The official victim enhancement is a 3- or 6-level increase under the U.S. Sentencing Guidelines that applies when a person knowingly commits a crime against a government official and is motivated by that person's status. The provision also states, "If the official victim is an exceptionally high-level official, such as the President or the Vice President of the United States, an upward departure may be warranted due to the potential disruption of the governmental function." There are many crimes against federal officials that do not require, as an element of the offense, that the offender know the status of the victim, but this enhancement does. The victimization of the government official need not be the offense of conviction; it is possible, for instance, for the defendant to be convicted of robbing a bank and to get the official victim enhancement for harming a uniformed police officer as he escapes. The assault on the officer is considered relevant conduct. In cases involving threats against the President of the United States, courts have applied the official victim enhancement, rejecting arguments that in order for it to apply, "the President actually [had] been harmed, or ... [knew] of the existence of the defendant's letter." There has been a circuit split in the federal appellate courts as to whether crimes against local government officials qualify for the official victim enhancement. 0.1% of federal cases involve the official victim enhancement.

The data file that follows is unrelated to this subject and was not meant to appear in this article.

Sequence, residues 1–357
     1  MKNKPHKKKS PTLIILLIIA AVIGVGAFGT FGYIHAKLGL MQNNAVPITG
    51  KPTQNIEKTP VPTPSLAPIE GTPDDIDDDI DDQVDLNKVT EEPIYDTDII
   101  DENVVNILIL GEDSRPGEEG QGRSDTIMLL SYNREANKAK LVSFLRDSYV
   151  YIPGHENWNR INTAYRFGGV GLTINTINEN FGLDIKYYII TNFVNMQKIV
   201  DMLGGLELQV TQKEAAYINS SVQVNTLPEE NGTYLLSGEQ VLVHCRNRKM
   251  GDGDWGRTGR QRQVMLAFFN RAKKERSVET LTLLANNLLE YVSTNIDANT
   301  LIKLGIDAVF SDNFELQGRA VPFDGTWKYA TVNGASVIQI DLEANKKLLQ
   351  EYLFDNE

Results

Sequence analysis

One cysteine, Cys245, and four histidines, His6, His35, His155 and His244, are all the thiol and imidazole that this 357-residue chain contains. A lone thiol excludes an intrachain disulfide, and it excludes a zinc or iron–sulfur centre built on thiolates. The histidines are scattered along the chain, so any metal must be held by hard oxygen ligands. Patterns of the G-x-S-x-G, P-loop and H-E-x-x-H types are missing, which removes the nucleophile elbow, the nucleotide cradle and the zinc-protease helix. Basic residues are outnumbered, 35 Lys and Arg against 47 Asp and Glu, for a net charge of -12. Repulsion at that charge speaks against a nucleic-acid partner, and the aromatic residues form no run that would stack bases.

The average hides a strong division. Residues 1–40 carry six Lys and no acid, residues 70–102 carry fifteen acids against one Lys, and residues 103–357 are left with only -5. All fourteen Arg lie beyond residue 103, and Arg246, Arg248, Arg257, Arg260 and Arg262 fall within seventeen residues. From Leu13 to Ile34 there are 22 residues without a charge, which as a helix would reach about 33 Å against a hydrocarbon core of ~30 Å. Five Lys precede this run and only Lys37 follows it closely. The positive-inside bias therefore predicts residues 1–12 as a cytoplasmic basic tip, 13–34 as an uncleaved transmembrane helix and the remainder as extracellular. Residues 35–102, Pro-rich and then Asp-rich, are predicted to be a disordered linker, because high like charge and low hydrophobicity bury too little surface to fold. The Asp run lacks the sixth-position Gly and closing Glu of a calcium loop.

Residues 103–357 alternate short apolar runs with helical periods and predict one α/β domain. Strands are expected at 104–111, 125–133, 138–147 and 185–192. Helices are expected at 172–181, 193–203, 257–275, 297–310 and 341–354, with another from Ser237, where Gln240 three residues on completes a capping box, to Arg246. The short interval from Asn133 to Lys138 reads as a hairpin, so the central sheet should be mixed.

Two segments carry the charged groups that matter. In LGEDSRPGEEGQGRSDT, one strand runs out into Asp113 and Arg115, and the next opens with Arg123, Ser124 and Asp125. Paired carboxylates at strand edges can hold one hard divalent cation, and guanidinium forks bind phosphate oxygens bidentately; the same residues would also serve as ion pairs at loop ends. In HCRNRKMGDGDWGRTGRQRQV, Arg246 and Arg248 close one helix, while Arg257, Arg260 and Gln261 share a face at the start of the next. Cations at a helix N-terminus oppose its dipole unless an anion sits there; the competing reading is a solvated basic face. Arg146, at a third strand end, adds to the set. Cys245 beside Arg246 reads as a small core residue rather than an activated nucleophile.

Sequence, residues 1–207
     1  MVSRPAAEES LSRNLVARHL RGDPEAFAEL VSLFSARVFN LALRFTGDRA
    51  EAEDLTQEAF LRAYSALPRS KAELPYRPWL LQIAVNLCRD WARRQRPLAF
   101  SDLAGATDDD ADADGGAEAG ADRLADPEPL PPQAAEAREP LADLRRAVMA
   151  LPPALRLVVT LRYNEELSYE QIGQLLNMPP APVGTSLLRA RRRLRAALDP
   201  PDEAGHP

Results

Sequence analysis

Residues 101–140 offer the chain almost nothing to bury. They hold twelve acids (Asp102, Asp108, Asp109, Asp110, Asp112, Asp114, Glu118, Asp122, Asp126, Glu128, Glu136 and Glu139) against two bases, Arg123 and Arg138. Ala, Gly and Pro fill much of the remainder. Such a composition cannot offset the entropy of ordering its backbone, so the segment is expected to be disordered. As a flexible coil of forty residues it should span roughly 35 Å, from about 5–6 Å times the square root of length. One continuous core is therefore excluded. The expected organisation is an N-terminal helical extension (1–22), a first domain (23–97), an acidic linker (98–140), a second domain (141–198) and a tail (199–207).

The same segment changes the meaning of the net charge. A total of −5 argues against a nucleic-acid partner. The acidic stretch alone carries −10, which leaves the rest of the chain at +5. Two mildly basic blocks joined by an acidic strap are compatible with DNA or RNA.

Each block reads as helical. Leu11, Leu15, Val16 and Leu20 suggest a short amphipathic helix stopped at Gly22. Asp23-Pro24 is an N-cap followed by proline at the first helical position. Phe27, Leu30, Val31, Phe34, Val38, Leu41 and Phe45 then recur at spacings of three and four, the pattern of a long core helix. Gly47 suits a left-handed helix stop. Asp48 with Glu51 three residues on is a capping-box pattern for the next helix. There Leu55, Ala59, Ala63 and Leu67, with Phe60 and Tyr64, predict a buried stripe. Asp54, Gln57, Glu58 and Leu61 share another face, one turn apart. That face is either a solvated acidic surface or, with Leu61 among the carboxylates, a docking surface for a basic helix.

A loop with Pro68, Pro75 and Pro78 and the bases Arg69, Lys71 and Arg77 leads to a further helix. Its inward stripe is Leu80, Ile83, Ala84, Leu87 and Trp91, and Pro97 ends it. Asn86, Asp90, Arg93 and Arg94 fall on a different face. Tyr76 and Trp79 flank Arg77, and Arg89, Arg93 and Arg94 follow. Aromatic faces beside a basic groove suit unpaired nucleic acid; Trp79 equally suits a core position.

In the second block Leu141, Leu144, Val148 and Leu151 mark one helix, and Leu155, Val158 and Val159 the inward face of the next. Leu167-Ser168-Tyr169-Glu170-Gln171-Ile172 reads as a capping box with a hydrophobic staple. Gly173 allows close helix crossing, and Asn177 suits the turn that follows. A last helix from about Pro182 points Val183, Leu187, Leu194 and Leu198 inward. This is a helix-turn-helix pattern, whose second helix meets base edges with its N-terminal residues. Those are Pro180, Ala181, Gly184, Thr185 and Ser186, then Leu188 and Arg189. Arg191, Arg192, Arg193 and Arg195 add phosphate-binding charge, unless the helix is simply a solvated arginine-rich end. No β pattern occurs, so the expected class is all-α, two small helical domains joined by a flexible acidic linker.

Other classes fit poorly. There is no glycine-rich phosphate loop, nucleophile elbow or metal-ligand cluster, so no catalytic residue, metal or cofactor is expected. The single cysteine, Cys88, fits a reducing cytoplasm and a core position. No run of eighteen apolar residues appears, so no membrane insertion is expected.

The term "official victim" also is used in victimology to refer to a four-stage process in which a person progresses from being a harmed, injured or suffering person(s) to perceiving or defining oneself as a victim, to claiming the victim role from social control agents or significant others and then to social control agents' recognition of the role claim — becoming an 'official victim' and receiving compensatory and supportive actions by social control agents.
- U.S.S.G. §3A1.2
- US v. Padilla, 961 F. 2d 322 (Court of Appeals, 2nd Circuit 1992).
- US v. Muhammad, 948 F. 2d 1449 (Court of Appeals, 6th Circuit 1991).
- US v. McCaleb, 908 F. 2d 176 (Court of Appeals, 7th Circuit 1990).
- U.S. v. Hudspeth, 208 F.3d 537 (6th Cir. 2000).
- Federal Public Defender Letter to USSC, 16 (5), July 9, 2004, pp. 361–363
- M R Burt (1983), Conceptual Framework for Victimological Research, 8 (3–4), Victimology, pp. 261–269